How to pour cast iron in home foundry?

I've been pouring aluminum and brass for years, using natural gas or propane
fired melt furnaces. Now, I want to try some small cast-iron pours - say
under 5 pounds. Any words of wisdom from the group? Building a cupola is a
last resort. TIA, Dave.
Reply to
David Anderson
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I don't think you can get enough heat with a simple burner. I think you have to trap the exhaust gas from the furnace and use it to pre-heat the inlet air to the burner. We have a guy with a very sophisticated furnace here, and he couldn't even get enough heat to even melt bronze with it. When he opens the furnace, the top of the crucible is just barely orange, the rest of the crucible is red, although a "bright" red. You need to get the CONTENTS of the crucible white hot to melt cast iron. The crucible will be so hot the radiation will burn you without extensive protective gear.
Jon
Reply to
Jon Elson
Depending on what kinf o burner you have its entirely possible to melt cast iron in the back yard type foundry furnace. I would not recomend it if you used home brew refractory, as its too undependable, but I routinley do cast iron melts for some stuff that needs to be cast iron and not alum or bronzes without a problem. I use a modified Monster burner, and 3200 castable refractory. 3200 deg ref is not a necessity , but when you get it for free why not use it..
I buiilt a small coupla and it was more of a hassle than it was worth just for a small ocassional pour of cast iron.....May e fine for larger pours but I certianly did not need anayhting any larger than my furnace already provided.
I've been pouring aluminum and brass for years, using natural gas or propane fired melt furnaces. Now, I want to try some small cast-iron pours - say under 5 pounds. Any words of wisdom from the group? Building a cupola is a last resort. TIA, Dave.
Reply to
~Roy
I think that fellow needs to rethink the meaning of sophisticated then if melting bronze is not doable. Even the mediocre homebrew refractory furnaces and plumbing fitting burners readily melt bronzes......And most of them can do cast iron if their refractopry would hold up.........
David Anders> I've been pouring aluminum and brass for years, using natural gas or propane
I don't think you can get enough heat with a simple burner. I think you have to trap the exhaust gas from the furnace and use it to pre-heat the inlet air to the burner. We have a guy with a very sophisticated furnace here, and he couldn't even get enough heat to even melt bronze with it. When he opens the furnace, the top of the crucible is just barely orange, the rest of the crucible is red, although a "bright" red. You need to get the CONTENTS of the crucible white hot to melt cast iron. The crucible will be so hot the radiation will burn you without extensive protective gear.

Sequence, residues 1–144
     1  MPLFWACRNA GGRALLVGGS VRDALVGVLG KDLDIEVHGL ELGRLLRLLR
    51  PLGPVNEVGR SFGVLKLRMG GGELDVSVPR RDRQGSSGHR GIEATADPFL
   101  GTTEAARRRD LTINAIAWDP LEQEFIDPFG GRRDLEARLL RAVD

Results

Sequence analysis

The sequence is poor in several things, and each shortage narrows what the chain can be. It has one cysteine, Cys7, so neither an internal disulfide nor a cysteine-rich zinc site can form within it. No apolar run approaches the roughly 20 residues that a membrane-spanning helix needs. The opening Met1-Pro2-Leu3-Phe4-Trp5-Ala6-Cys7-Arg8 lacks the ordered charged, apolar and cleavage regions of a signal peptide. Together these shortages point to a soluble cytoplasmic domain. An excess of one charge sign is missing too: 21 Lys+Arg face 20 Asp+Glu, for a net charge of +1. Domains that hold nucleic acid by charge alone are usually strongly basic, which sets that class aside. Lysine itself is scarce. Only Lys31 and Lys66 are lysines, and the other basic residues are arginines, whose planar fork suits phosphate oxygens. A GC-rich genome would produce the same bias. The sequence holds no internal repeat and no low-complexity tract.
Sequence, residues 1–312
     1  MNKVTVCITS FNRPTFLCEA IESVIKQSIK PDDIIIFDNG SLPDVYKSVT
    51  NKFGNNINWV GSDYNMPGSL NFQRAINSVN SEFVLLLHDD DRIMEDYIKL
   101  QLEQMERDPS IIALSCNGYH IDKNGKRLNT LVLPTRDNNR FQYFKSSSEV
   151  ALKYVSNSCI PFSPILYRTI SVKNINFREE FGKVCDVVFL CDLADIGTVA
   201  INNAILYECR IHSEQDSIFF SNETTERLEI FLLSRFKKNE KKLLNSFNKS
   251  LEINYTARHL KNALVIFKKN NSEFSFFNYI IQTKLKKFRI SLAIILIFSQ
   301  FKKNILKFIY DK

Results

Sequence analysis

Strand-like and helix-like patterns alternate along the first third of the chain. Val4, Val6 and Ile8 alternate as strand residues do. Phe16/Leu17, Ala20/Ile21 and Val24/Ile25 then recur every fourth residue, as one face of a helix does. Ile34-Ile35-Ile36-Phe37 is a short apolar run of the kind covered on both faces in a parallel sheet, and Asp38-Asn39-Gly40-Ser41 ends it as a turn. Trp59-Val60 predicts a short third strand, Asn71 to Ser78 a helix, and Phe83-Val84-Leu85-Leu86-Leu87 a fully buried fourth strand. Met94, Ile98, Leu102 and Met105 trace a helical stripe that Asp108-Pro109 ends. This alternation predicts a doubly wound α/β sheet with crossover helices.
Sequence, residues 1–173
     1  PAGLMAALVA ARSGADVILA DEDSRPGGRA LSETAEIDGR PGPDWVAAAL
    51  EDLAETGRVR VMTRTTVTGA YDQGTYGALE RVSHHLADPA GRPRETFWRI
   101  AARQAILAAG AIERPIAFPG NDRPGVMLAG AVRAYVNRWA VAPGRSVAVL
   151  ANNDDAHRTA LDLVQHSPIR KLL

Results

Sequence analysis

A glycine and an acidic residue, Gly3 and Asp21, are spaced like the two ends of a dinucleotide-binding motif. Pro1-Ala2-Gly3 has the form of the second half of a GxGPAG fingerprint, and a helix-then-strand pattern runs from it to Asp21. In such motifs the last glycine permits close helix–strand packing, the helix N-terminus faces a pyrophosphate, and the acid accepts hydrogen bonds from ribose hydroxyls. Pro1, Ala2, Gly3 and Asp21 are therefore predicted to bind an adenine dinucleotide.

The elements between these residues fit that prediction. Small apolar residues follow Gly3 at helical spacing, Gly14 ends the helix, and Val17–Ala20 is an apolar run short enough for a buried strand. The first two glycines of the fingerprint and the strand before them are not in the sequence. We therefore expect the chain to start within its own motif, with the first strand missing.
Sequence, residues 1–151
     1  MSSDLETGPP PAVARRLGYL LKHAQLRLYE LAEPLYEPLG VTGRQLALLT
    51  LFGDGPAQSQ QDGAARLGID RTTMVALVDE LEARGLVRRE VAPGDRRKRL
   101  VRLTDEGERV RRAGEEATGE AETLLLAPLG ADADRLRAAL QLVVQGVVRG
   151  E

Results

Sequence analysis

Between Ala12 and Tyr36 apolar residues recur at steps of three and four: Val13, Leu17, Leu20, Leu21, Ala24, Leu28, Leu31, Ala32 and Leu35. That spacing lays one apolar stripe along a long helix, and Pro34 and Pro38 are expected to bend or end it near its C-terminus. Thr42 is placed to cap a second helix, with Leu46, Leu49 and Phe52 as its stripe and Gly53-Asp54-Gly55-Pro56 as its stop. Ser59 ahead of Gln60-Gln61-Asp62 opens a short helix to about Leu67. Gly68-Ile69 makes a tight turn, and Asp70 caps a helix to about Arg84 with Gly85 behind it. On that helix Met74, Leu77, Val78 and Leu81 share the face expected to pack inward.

Jon
Reply to
~Roy
From a cost consideration, a cupola may be your first choice. A shop vac, some small size drain culvert or two 30 gallon steel drums, fire clay/brick and a littel welding are all you need. You can even put wheels on it and make it portable.
Chastain's foundry books are the best money you will ever spend see
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Navy foundry manual is basic reference. see
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My only problem is not spending all my money on books so I don't have enough for the furnace .....
Uncle George
See
Reply to
F. George McDuffee
C.W. Ammen, who wrote several foundry how-to books including one about how to pour cast iron, recommended breaking up the scrap iron into small pieces and packing them into a crucible between layers of charcoal or coke. He said that this is a simple way to melt iron in small quantities in an ordinary crucible furnace.
Mike
Reply to
KyMike
Well, his furnace is sized for aluminum, and holds a 30 pound crucible. It is built in a 55 gal. drum. I suspect he could get higher temperature with some careful tuning of the air/fuel mix. He probably has too much air flow, to heat that huge crucible quickly. But, bringing cold air into the burner lowers the peak temperature.
Jon
Reply to
Jon Elson
Thanks for some new ideas - but nobody mentioned MIFCO (McEnglevan gas-fired melters Models B series etc that will melt aluminum, brass or grey iron up to Class 30 or 35). Very nice, with all controls such as ultra-violet flame failure cutoff and electronic spark ignition, but a bit pricey. I was hoping someone in this group had built a homemade unit and would share their experience. Maybe a small cupola is the best way after all. Thanks, Dave
Building
Reply to
David Anderson

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